Rent-to-own business BrightHouse has agreed to return more than £14.8m to its customers, after an investigation by the Financial Conduct Authority (FCA) revealed it was providing unsuitable lending agreements to customers at risk of falling into financial difficulty.
The household goods retailer will pay back the sum to 249,000 customers in respect of 384,000 agreements, through cash payments and balance adjustments.
BrightHouse is currently being circled by its bondholders, who are thought to be debating a debt-for-equity swap to wrest control of the business from its private equity owners Vision Capital. Earlier this year the business reported a drop in revenues, and said it faced difficulties in refinancing £220m of bonds due next year.
“During the time in question, BrightHouse was not a responsible lender and failed to meet our expectations of firms in this sector. I am pleased that it has agreed to provide redress to those customers affected by these historic practices,” said the FCA's Jonathan Davidson, executive director of supervision.
“This scheme continues our work with the rent-to-own sector to resolve the concerns we have previously identified.”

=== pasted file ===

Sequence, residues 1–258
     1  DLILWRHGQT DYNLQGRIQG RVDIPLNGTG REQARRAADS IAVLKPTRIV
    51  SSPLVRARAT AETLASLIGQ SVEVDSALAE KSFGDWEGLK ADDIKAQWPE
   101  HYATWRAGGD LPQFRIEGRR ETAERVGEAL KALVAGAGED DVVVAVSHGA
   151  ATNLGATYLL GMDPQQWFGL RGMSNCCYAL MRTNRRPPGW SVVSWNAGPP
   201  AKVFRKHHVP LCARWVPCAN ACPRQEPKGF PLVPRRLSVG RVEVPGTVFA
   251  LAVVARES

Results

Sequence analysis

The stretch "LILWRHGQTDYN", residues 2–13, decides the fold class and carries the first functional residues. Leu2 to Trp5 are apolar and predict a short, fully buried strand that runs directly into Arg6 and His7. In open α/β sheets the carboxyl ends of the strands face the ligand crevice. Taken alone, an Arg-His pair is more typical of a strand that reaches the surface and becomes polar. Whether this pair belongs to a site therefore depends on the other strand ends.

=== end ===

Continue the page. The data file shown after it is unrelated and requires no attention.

Under the FCA's supervision, BrightHouse has identified two sets of customers which it proposes to redress. The first set, covering around 81,000 customers, are those whose circumstances had “not been assessed properly” when they took out the loan and may have had difficulty repaying it.
These people will together receive around £10.1m, as those who handed back the goods will be payed back the interest and fees they were charged plus a compensatory interest of eight per cent. Those who retained the goods will have their balances written off.
The second set of customers are those who made the first payment under an agreement with the firm which was then cancelled before the goods were delivered. The first payment was not returned to all customers.
BrightHouse will return the first payment plus a compensatory interest of eight per cent, totalling around £4.7m.
“This firm seems to have regarded its customers as cash cows and failed to take account of the FCA’s core mantra, that of treating people fairly. It has been taught an expensive lesson,” says Bill McCaffrey, a financial services partner with law firm CMS.